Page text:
Where are the cards?
Updated: Feb 5
The inmates were playing cards, an activity strictly forbidden in prison. The guards were told of the game and came to inspect the cell, but they found nothing. As soon as the guards left, the inmates continued their game. The guards came again to inspect the cell and the inmates in it, but again they found nothing and left. Once again the cards appeared and the game continued. “How had the prisoners managed to hide their cards?” wondered Reb Mendel, an inmate watching this scene unfold time and time again.
• How do you think the inmates managed to hide the cards?
The men explained: “We are professional pickpocket-ers. As soon as the guard entered our cell, we slipped the cards into HIS pocket. Right before the guard left, we slipped the cards back out again. Obviously, it never occurred to the guard to check his own pockets . . .”
• What life-lesson can we learn from this story?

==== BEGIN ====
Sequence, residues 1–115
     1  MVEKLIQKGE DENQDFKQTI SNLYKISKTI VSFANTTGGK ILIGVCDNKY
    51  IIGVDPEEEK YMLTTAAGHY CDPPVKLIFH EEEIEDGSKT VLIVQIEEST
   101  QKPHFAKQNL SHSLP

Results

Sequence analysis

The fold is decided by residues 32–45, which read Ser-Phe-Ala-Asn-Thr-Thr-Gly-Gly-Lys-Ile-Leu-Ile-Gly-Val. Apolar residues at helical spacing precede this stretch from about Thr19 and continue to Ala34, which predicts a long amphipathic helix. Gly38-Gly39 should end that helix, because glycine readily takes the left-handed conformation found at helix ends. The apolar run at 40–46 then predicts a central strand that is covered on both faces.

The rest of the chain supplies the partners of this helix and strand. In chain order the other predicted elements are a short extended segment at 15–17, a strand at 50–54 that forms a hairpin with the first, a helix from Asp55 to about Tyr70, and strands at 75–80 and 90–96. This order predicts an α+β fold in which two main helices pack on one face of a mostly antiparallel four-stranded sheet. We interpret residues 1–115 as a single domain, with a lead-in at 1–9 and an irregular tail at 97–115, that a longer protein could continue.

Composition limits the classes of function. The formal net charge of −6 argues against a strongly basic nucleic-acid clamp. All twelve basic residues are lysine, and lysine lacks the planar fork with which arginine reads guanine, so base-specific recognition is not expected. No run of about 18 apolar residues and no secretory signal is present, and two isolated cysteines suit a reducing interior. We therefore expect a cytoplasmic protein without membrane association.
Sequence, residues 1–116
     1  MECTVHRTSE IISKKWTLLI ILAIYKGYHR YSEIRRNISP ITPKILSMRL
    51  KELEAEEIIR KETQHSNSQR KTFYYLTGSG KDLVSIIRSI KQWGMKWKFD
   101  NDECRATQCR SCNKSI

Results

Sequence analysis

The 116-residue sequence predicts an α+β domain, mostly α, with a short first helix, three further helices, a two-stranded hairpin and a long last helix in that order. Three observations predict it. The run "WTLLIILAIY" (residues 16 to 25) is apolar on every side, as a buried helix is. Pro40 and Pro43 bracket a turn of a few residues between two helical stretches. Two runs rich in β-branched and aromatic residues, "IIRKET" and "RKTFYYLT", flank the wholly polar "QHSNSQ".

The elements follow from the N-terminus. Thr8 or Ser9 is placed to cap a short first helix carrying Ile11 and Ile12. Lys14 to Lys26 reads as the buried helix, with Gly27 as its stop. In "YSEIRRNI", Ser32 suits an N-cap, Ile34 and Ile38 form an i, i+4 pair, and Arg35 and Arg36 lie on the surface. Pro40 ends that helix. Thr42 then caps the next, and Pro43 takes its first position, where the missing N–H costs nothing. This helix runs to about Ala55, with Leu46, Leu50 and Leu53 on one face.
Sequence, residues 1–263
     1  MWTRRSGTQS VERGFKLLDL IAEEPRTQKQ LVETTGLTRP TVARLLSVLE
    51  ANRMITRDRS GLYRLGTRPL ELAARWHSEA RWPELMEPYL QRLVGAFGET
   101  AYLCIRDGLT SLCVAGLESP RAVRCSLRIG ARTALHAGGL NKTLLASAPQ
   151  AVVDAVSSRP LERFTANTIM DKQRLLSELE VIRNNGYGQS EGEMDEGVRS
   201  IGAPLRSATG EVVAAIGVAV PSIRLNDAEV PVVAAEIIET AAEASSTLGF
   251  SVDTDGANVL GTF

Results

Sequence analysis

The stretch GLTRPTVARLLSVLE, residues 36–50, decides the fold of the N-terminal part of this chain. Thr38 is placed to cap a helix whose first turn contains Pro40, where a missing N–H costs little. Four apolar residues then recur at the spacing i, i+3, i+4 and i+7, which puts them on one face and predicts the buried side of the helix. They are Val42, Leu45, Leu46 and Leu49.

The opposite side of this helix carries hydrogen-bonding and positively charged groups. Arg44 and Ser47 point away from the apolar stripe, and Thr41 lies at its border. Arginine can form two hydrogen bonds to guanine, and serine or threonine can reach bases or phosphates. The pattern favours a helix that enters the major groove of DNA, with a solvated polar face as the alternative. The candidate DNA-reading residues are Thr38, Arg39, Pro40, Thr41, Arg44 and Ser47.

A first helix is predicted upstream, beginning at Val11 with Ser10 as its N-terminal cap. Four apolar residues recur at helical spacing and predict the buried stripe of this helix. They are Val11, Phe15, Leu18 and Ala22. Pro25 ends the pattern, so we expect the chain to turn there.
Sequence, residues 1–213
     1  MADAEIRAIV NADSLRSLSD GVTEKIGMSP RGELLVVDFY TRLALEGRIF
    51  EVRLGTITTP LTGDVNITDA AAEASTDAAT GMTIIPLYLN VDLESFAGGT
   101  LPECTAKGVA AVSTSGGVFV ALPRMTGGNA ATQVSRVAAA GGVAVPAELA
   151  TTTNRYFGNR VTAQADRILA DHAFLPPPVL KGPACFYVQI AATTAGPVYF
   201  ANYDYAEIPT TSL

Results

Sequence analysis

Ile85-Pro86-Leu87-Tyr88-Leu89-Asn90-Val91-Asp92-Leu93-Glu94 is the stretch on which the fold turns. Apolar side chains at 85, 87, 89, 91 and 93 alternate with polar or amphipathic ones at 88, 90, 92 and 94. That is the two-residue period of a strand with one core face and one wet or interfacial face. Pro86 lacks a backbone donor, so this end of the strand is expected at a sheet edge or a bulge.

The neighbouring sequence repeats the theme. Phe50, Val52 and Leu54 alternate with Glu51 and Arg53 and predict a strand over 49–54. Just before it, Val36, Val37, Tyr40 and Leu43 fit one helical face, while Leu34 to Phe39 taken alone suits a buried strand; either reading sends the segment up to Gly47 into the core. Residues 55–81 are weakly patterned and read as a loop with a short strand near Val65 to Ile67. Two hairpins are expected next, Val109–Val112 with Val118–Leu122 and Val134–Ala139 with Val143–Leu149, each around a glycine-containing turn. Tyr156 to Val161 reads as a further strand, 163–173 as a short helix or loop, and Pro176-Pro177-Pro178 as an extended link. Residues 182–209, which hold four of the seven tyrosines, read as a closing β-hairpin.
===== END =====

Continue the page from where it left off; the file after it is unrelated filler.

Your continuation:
Often, when we make a spiritual, personal inventory, we instinctively look to place blame on those around us. “My parents are responsible,” or “my education is responsible,” we claim. We are also so quick to find the faults in others and to pinpoint the ways in which "they" should improve. But to really grow, perhaps we need to start by checking our own “pockets”…
• When you see a fault in another, very often this is a sign that you yourself have that fault. Try to remember this the next time you blame or point a finger. • What is ONE thing that you can try to work on to refine your character. Challenge yourself to work on this characteristic for at least the next 10 days.
(Reb Mendel Futerfas had been imprisoned for his “crime” of helping strengthen Jewish life in the Soviet Union. He would retell stories from his prison days, always taking lessons from the things he experienced.)